Watson, Robert (1730?-1781) (DNB00)
WATSON, ROBERT (1730?–1781), historian, son of an apothecary and brewer in St. Andrews, was born there about 1730. After studying at St. Andrews, Glasgow, and Edinburgh, he was licensed as a preacher of the Gospel; but having failed to obtain a presentation to one of the churches in St. Andrews, he was shortly afterwards appointed professor of logic in St. Salvator's College, of which he was promoted to be principal in 1777. The same year he was also presented by George III to the church and parish of St. Leonard. In 1777 he published, at London, in two volumes quarto, a ‘History of Philip II of Spain [1548–1598],’ which was praised by Horace Walpole, and had a great temporary popularity, being translated into French, German, and Dutch, and reaching a seventh edition by 1812; the work was subsequently superseded by that of the American historian Prescott. At the time of his death, on 31 March 1781, he was engaged on a ‘History of the Reign of Philip III, King of Spain [1598–1621],’ which was completed by Dr. William Thomson, and published in 1783 (London, 4to; revised edition 1808 and 1839; French translation 1809). This remains useful as filling a gap between Prescott and Coxe.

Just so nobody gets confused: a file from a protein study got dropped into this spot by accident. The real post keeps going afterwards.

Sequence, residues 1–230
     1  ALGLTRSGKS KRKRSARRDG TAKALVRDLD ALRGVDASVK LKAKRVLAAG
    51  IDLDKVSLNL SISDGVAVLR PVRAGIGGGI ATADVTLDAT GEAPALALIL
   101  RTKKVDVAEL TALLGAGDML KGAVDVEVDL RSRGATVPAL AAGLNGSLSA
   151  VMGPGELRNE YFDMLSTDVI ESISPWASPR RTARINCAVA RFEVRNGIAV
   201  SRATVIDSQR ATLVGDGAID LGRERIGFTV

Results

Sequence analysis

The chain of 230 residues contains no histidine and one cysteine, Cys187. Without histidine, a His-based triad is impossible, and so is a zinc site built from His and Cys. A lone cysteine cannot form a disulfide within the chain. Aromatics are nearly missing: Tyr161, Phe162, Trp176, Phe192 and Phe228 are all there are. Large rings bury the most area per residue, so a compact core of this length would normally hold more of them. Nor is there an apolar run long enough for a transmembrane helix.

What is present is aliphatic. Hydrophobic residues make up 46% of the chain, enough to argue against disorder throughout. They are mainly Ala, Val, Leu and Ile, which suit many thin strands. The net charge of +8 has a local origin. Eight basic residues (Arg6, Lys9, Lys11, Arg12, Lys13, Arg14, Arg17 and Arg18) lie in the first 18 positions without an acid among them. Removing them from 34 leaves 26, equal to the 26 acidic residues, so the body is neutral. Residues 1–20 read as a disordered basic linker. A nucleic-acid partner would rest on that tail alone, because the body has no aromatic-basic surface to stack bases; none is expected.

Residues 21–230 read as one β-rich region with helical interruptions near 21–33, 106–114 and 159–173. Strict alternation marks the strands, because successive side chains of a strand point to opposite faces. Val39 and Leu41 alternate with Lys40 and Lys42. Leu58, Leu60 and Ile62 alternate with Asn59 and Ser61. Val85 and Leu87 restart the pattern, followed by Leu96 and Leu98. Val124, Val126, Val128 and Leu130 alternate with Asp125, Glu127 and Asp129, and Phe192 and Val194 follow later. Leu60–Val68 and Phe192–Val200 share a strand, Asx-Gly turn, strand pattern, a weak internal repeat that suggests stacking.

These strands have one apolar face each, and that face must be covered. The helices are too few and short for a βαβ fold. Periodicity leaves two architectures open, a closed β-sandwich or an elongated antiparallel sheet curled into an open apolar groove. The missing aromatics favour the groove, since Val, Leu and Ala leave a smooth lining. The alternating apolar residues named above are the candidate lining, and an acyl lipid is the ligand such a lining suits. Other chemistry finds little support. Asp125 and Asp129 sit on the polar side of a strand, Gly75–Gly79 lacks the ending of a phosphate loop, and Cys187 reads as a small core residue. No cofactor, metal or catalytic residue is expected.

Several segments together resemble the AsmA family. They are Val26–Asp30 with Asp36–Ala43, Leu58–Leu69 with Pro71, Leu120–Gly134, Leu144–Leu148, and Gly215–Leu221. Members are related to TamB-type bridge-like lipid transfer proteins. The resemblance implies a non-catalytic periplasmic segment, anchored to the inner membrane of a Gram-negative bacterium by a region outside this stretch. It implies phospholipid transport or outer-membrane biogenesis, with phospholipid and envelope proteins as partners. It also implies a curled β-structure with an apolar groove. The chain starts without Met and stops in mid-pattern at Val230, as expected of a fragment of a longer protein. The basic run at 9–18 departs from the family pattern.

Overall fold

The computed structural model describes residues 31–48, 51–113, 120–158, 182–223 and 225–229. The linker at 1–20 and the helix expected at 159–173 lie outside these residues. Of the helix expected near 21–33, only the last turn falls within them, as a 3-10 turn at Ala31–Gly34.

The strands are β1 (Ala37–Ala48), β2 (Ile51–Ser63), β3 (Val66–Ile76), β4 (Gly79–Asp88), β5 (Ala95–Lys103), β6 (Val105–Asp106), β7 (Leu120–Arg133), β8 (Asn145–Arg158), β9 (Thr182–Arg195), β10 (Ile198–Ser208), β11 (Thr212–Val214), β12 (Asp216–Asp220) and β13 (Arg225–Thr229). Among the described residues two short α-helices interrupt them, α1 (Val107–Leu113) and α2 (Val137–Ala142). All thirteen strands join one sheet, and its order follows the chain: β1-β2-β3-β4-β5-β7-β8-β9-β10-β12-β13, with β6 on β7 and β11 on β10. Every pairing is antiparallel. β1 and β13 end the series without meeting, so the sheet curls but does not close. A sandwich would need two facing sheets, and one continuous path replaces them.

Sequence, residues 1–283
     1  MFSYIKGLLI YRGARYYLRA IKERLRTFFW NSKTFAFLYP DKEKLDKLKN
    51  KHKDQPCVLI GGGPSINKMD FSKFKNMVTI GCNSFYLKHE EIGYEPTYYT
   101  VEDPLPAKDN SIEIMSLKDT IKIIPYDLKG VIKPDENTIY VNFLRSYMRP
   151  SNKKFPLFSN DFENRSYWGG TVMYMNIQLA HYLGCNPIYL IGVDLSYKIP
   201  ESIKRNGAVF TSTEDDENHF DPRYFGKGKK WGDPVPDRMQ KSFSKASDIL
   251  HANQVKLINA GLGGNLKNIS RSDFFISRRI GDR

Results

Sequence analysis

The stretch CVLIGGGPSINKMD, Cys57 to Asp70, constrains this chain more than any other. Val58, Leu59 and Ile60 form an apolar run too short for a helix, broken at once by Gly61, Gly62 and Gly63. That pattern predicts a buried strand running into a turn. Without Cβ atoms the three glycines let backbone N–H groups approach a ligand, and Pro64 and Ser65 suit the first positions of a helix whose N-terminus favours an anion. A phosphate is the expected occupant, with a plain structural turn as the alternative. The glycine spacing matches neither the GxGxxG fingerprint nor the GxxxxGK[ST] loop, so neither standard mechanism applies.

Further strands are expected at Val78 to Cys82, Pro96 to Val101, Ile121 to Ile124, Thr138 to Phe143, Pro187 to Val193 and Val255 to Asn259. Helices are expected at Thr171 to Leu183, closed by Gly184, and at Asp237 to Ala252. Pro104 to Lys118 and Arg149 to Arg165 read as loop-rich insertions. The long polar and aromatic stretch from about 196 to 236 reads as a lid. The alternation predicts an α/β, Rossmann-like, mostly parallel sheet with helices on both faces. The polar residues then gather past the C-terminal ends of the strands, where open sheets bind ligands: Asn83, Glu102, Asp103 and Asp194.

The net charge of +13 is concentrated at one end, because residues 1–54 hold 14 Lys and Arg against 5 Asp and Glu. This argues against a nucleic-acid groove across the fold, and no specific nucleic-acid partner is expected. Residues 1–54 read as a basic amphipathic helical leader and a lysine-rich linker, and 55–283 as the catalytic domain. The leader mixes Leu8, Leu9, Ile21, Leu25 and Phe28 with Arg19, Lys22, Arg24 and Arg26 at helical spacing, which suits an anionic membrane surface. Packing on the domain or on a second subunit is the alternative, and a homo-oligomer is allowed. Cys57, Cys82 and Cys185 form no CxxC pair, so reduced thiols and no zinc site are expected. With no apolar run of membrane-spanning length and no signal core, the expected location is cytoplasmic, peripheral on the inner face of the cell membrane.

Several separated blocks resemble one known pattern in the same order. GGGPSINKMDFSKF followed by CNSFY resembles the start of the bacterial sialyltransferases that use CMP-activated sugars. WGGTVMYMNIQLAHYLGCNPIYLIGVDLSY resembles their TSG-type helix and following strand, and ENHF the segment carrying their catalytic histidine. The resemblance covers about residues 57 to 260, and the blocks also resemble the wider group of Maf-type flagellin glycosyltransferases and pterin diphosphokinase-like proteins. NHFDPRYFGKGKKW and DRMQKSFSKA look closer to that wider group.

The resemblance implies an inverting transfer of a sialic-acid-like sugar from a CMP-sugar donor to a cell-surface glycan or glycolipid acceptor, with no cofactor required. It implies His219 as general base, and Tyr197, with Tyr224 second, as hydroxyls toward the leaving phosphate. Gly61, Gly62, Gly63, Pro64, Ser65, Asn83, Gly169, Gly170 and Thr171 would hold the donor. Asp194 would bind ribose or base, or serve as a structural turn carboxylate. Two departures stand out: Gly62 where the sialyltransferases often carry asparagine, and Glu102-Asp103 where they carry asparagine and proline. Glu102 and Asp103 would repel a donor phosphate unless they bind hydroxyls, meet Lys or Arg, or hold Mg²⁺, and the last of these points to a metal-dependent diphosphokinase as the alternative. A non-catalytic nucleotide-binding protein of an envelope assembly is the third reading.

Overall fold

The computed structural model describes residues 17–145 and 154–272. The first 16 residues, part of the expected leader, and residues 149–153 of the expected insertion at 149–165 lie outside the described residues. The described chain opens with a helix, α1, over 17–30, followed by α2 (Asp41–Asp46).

Watson married, on 29 June 1757, Margaret Shaw, by whom he left five daughters.[Chalmers's Biogr. Dict.; Conolly's Eminent Men of Fife; Anderson's Scottish Nation; Hew Scott's Fasti Eccles. Scoticanæ, ii. 400.]